Low Noise Amplifiers Based on High TC SQUIDs
This thesis describes the development, fabrication, performance and applications of liquid nitrogen cooled voltage amplifiers based on high temperature superconducting quantum interference devices (SQUIDs). The SQUID based voltage amplifier is intended for characterization of electrical and noise properties of devices with resistance around and below 1 Ohm. For different amplifier configurations, the best performance achieved in this work was a voltage noise en = 3.2 pV/sqrt(Hz), a currentnoise in = 0.28 pA/sqrt(Hz), an energy sensitivity enin = 1.7 * 10-22 J, a noise temperature Tn = 10 K, a bandwidth f3dB = 300 kHz and a slew rate ^V = 91 mV/s.
We investigated different schemes to magnetically couple an input coil efficiently to a SQUID. We developed a concept where a normal metal input coil was put on top of a magnetometer. The input coil could easily be adjusted to match source resistances from 1 mOhm to 1 kOhm. Within this range, the noise temperature of the amplifier can be as low as 10 K.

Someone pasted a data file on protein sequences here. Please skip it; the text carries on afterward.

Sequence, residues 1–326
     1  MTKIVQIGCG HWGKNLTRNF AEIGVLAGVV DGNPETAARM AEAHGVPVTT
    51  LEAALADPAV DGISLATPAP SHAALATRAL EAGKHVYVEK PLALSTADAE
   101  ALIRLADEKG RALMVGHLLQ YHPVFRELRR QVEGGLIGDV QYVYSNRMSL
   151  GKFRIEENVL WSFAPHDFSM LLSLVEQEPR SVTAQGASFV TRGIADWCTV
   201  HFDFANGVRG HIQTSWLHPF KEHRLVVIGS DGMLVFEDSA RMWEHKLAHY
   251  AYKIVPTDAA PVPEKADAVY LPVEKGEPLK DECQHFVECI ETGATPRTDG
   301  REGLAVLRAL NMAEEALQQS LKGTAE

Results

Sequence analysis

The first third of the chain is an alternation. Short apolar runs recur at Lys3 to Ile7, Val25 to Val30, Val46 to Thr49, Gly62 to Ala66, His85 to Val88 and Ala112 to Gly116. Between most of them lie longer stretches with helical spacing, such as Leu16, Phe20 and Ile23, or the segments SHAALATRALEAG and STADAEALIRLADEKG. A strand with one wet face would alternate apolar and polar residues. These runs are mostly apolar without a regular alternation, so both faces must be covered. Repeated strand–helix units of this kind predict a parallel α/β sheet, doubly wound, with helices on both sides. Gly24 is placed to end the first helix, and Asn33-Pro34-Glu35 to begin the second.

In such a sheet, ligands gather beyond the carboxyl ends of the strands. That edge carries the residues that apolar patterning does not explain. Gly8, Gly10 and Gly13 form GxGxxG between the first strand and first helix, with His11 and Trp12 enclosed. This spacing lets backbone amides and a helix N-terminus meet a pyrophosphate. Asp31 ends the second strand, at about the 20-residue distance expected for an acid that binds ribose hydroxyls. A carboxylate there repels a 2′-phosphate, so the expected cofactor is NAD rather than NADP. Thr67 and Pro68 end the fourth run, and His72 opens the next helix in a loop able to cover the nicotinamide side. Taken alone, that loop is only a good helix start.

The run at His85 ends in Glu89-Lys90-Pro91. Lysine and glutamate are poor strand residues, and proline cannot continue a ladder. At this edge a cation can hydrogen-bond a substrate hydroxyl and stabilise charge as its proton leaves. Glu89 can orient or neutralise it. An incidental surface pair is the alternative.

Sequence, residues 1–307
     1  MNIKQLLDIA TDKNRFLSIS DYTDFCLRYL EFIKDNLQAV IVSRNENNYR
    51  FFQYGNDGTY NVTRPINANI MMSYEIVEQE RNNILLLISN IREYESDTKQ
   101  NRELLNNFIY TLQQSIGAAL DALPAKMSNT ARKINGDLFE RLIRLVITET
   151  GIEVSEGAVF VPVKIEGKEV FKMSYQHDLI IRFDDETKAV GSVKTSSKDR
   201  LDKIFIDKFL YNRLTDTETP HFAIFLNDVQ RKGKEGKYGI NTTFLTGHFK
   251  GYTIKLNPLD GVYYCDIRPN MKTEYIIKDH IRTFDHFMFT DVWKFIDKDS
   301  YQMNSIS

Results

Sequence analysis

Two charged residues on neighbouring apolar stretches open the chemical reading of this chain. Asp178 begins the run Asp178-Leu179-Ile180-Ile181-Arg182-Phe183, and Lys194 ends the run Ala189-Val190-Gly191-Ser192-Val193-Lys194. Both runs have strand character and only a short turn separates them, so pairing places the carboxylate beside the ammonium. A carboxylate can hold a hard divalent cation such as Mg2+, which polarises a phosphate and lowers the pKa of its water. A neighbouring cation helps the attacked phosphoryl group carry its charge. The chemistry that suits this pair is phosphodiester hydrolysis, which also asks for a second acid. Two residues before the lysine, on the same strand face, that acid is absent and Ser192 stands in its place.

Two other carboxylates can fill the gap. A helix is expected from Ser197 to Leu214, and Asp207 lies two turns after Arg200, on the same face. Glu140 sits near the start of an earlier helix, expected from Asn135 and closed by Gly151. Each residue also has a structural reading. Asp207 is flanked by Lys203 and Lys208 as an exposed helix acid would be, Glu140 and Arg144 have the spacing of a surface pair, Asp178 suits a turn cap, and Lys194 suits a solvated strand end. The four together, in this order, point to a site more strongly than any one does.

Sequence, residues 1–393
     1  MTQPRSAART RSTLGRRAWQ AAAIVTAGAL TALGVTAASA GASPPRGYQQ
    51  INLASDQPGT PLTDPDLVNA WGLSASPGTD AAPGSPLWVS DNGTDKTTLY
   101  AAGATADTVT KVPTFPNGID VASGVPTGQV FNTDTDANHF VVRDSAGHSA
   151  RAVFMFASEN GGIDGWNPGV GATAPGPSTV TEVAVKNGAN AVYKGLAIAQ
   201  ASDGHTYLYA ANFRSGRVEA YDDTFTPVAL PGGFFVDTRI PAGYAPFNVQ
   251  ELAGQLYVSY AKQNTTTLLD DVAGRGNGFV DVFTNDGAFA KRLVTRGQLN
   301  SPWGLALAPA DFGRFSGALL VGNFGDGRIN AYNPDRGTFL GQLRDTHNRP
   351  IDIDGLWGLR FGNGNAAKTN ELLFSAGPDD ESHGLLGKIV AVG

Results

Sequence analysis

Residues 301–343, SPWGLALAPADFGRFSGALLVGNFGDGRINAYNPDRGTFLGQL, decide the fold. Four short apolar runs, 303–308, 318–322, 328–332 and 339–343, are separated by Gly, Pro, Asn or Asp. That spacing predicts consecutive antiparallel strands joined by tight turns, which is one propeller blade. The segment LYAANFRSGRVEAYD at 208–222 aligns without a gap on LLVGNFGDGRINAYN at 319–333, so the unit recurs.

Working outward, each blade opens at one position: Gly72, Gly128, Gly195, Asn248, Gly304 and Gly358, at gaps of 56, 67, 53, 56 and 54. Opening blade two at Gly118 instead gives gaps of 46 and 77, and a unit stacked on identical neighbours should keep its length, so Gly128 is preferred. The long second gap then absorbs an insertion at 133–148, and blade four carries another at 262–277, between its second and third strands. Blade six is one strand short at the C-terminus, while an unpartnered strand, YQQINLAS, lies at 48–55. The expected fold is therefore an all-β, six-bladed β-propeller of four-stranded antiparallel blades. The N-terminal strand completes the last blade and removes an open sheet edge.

We used bias reversal to reduce the low frequency current noise of the voltage amplifier. We demonstrated that the voltage amplifier works for both liquid nitrogen cooled sources and for sources at room temperature.
The measured noise and the dynamic performance were in good agreement with predictions from the model of the SQUID-based voltage amplifier. The energy sensitivity was shown to be independent of the number of turns in the input coil for a given coil geometry, coil resistivity, coil position and for a given SQUID magnetometer.
We have used the voltage amplifiers to investigate the electrical characteristics and the noise properties of high-Tc SQUIDs and to investigate the noise properties of carbon fibre and Ag/AgCl electrodes in salt water, used for detecting motionally induced voltages. The concepts developed in this work have been used to construct voltage and current amplifiers for discharge and dielectric loss measurements in high voltage insulators.